Is the University of Oregon the worst of the best for public education value?

Construction for the brand new Lewis Integrative Science Building is nearing completion. The media were given a preview of the facility on Oct. 23. (Ryan Kang/Freelance)

Construction for the brand new Lewis Integrative Science Building is nearing completion. The media were given a preview of the facility on Oct. 23. (Ryan Kang/Freelance)

Posted by Dashiell Paulson on Monday, Jan. 7 at 8:21 am.

The University of Oregon enters the new year with a dubious distinction. In a list of the 100 best values in public education for 2013, the UO ranks 98th for in-state students and 99th for out-of-state students. Is this progress or a problem for the University?

The schools on the list are considered by the list’s organizers, Kiplinger’s Personal Finance, to be the 100 best public universities in the nation for college students to invest their time and money. More than 600 state schools were considered in the study, according to a Kiplinger’s spokesperson, Jessica Weeg. Even if Oregon ranks near the bottom, the UO still beats out those other 500 and every other Oregon school considered. Weeg believed the UO should see the ranking as an accomplishment.

The annual list ranks educational value of public universities for money spent and debt accrued. Kiplinger’s considers the university’s sticker price, financial aid, admissions rates, graduation rates and average debt a burden. Though the UO surely earns kudos for making the list, the ranking emphasizes how far the University has to go to compete with its West Coast peers.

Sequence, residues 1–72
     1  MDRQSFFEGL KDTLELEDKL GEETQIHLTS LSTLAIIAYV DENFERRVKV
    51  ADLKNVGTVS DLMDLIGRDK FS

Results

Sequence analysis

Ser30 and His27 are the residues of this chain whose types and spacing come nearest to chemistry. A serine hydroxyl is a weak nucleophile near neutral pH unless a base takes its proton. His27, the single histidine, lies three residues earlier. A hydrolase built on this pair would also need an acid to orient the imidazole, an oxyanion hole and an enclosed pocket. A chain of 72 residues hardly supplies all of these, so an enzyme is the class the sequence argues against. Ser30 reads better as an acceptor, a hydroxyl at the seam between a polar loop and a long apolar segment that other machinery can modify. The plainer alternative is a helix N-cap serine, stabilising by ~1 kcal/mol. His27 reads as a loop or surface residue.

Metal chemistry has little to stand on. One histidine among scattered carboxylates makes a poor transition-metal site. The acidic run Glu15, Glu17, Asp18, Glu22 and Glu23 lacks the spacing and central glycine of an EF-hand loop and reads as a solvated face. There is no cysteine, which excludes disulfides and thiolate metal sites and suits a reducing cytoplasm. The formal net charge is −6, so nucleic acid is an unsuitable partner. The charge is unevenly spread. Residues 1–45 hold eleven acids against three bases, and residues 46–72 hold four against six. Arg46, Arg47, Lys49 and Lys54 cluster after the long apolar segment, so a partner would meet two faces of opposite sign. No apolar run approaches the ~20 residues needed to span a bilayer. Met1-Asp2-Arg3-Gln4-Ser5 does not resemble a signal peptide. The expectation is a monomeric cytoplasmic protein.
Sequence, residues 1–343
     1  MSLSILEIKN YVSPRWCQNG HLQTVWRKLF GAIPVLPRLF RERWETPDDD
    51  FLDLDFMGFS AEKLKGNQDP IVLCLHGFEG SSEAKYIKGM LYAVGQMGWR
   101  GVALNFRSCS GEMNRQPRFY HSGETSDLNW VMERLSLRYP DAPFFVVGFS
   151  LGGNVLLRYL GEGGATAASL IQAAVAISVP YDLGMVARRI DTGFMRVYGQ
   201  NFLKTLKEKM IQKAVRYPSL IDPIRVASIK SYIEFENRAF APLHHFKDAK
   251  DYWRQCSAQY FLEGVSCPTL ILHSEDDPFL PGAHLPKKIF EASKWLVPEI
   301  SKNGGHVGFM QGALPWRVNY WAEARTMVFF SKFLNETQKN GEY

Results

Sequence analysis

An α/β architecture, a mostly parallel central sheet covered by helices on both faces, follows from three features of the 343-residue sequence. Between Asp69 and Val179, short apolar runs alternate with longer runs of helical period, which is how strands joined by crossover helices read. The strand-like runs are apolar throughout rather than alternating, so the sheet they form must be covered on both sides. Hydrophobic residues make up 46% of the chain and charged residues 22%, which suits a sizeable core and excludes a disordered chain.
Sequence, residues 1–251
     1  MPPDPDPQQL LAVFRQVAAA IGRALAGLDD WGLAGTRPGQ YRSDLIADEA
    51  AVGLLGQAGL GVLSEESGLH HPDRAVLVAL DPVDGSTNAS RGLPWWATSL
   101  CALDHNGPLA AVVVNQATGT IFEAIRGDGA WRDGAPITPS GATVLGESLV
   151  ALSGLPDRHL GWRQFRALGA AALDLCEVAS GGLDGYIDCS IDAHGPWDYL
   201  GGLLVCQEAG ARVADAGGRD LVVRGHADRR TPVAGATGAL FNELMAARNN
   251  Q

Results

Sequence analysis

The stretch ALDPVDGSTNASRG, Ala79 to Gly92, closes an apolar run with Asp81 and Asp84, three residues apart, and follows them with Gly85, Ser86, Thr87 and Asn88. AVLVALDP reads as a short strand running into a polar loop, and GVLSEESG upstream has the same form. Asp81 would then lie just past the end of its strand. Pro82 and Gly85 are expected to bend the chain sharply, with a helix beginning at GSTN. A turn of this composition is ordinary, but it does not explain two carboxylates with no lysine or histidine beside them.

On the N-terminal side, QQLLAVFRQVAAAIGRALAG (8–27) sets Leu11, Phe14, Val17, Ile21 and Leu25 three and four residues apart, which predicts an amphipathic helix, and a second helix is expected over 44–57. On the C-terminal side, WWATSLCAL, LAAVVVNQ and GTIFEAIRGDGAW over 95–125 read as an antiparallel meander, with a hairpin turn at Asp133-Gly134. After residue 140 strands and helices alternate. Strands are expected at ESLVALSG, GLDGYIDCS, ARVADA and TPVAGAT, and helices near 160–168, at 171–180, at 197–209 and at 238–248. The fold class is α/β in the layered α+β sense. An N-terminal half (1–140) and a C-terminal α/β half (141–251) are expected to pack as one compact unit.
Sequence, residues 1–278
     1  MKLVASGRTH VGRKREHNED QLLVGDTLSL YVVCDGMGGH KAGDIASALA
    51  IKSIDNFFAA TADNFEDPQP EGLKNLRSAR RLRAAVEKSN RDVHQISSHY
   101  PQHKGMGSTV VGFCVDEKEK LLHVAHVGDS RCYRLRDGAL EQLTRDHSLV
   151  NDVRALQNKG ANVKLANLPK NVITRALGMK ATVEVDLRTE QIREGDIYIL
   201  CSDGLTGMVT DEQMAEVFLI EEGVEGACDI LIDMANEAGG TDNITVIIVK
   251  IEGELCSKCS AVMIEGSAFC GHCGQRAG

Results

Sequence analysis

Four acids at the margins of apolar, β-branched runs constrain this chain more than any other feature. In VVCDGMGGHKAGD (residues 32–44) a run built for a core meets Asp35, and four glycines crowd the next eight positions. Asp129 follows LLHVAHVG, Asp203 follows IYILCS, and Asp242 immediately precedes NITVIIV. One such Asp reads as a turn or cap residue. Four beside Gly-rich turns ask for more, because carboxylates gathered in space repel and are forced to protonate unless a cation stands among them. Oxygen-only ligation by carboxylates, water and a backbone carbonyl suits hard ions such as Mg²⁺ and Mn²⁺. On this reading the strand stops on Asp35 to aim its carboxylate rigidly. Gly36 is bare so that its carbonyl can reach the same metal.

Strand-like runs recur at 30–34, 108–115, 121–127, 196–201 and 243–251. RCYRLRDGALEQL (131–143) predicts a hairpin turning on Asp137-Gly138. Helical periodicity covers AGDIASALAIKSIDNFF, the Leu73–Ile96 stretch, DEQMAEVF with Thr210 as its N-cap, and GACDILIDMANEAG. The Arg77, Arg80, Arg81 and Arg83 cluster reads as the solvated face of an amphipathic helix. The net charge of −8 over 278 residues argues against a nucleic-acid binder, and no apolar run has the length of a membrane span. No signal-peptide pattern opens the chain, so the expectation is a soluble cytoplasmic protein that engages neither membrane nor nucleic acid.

Twelve California and two Washington universities are ranked on the list and earn much higher positions. Consider Oregon’s northern neighbor, the University of Washington, which lands at 17th for in-state value and 21st for out-of-state value. Western Washington University ranks 74th for residents and 70th for out-of-staters, more than 20 positions above Oregon.

It is due greatly to large student debt numbers coupled with comparatively low financial aid that place Oregon’s ranking where it is. The debt loads at Oregon are $22,736 on average, according to Kiplinger’s. Financial aid covers a quarter of in-state student need and about an eighth of out-of-state student need. Only 41 percent of students graduate in four years.

Though it is a lower number than some would like, it is important that the UO has representation on this list. Several states, including Idaho, don’t even have a school in the top 100.